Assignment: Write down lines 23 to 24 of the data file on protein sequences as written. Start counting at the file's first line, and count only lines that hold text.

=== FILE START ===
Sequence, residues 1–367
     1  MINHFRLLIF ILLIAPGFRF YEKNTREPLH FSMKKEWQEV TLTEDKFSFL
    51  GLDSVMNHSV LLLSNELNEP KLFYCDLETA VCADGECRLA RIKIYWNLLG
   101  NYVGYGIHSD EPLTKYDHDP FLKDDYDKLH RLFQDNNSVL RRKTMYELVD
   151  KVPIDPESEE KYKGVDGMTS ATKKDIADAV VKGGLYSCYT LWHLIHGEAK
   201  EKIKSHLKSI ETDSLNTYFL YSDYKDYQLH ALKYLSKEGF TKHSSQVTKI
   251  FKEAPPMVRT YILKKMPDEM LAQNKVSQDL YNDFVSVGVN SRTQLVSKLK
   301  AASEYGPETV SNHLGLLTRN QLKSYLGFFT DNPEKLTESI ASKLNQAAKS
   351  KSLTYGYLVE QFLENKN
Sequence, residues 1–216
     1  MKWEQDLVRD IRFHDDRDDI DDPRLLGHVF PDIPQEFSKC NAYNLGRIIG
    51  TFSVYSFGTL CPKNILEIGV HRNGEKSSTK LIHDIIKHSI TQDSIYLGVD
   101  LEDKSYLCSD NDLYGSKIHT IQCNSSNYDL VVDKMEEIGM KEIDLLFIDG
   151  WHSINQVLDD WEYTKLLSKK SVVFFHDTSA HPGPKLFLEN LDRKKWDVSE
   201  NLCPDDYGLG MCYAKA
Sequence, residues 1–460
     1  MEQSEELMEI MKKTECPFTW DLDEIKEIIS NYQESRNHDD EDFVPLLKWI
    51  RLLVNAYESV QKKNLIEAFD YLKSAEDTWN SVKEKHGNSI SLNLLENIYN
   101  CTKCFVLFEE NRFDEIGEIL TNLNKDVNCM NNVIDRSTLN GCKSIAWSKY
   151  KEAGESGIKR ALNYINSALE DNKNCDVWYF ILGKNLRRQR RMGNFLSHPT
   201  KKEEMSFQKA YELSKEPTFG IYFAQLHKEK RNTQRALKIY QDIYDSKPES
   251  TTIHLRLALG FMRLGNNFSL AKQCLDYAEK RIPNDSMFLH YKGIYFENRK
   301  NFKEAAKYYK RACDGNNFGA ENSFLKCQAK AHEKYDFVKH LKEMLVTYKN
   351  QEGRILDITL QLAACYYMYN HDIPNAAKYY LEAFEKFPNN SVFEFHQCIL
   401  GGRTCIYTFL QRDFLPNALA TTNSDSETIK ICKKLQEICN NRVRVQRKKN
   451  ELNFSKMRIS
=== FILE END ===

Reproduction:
   301  NFKEAAKYYK RACDGNNFGA ENSFLKCQAK AHEKYDFVKH LKEMLVTYKN
   351  QEGRILDITL QLAACYYMYN HDIPNAAKYY LEAFEKFPNN SVFEFHQCIL